The Kishu mandarin proofs that good things can come in small packages. A delicious, easy to peel seedless mandarin that will equally wow you with it's flavor and it's adorableness. Also marketed as Kishu tangerines, Kishu kisses, and Lil' Ninja mandarins.
Isn't it so cute!!!!!
Just look at those little, tiny mandarins. They are adorable.
They are called Kishu mandarins. One of my favorite varieties from California. Smallest mandarins I ever encountered, even smaller than an average Pixie. Their size is about the same size as a golf ball or walnut.
I first encountered them at a couple specialty stores here in Michigan. The $9.99/lb pound price tag, limited the amount of these little gems I was going to buy.
Then in 2018, I was in California for Christmas and was able to hit up a local farmer's market and find them for $3/lb. So I got to indulge in these little gems and indulge we did. They were the highlight of the trip in terms of food. My wife loved them as well.
❓ What is a Kishu Mandarin?
The Kishu belongs to a family of small mandarins that have their origins in China.
The Kishu are in season in the U.S. from December through February.
Look for them at farmer's market in California or in specialty grocery stores like Whole Foods Market or the Fresh Market.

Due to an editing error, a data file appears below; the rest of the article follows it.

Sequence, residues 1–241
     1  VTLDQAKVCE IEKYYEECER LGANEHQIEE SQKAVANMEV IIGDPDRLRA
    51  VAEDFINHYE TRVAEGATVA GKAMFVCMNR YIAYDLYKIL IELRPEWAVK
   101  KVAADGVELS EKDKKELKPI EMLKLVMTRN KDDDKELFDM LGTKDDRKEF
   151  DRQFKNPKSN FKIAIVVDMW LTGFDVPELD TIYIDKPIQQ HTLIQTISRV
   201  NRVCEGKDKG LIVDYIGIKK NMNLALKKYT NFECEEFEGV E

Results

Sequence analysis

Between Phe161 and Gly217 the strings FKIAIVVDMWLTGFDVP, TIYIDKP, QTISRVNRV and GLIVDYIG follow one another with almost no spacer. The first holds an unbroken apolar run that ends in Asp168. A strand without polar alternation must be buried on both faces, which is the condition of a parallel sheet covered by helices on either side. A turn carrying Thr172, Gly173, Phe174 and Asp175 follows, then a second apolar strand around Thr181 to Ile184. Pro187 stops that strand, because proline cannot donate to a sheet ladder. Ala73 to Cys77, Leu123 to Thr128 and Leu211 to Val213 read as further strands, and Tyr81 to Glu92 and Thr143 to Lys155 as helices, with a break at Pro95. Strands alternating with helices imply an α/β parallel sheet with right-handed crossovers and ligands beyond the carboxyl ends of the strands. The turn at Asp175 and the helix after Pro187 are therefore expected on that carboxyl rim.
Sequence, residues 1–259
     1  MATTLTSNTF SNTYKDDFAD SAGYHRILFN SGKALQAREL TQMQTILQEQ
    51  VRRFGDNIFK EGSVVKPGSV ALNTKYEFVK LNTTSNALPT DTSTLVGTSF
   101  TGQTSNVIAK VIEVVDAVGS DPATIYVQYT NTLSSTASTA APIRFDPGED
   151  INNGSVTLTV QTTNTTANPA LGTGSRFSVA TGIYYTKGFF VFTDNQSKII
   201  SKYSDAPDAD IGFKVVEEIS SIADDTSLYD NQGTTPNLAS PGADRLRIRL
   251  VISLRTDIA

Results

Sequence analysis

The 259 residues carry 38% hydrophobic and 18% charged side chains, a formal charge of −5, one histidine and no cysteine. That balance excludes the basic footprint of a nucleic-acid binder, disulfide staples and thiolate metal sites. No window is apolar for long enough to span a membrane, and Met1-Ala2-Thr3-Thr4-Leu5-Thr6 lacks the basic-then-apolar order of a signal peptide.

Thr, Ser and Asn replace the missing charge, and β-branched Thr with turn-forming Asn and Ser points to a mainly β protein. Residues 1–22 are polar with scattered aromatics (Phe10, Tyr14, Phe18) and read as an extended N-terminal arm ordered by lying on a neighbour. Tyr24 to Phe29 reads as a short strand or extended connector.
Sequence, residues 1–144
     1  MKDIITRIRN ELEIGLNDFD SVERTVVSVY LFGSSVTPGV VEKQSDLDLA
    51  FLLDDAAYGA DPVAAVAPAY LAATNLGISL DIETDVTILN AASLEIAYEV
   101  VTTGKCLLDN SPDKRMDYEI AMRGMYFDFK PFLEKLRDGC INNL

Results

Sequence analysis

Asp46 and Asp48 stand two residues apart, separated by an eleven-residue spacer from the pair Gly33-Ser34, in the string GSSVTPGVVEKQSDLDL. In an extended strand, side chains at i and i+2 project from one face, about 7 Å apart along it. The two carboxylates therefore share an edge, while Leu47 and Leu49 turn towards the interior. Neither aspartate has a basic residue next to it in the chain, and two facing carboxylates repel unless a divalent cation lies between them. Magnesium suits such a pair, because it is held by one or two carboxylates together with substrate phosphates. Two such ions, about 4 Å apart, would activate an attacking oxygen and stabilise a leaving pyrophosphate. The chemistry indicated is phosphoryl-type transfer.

There is an excellent article in the LA Times if you want to learn more about them.
They may also be marketed as tangerines. The industry has really blurred the definition of what is a mandarin and what is a tangerine. Ripe to You, the brand name for a Central California grower, sells them as Lil' Ninja mandarins. I have also heard them marketed at a Wegman's store as Kishu Kisses.
What Does It Taste Like
Here are are my ratings (scale of 1-10) for the Kishu mandarin.
|Seeded or Seedless||Seedless|
It's a nice mandarin. It's equally balance between sweet and acidic. The flavor is a step up from the popular Clementine mandarin. They are in season at the same time as the Satsuma mandarin, which I think Kishu are sweeter than. My wife certainly picks Kishu over Satsuma!
It is extremely easy to peel as there is a pocket of air between the skin and the segments inside. I would say they are one of the easiest varieties to peel.
The segments are really small. You probably could pop the entire thing in your mouth at one time.
They make an excellent choice for kid's lunches. You know they would be great on a salad.
Too small for juicing for sure and harvesting the zest would be a challenge. Kishu are best left to just enjoy as is.
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✋ Have you had Kishu mandarins before? Make sure to leave a comment below and share your thoughts.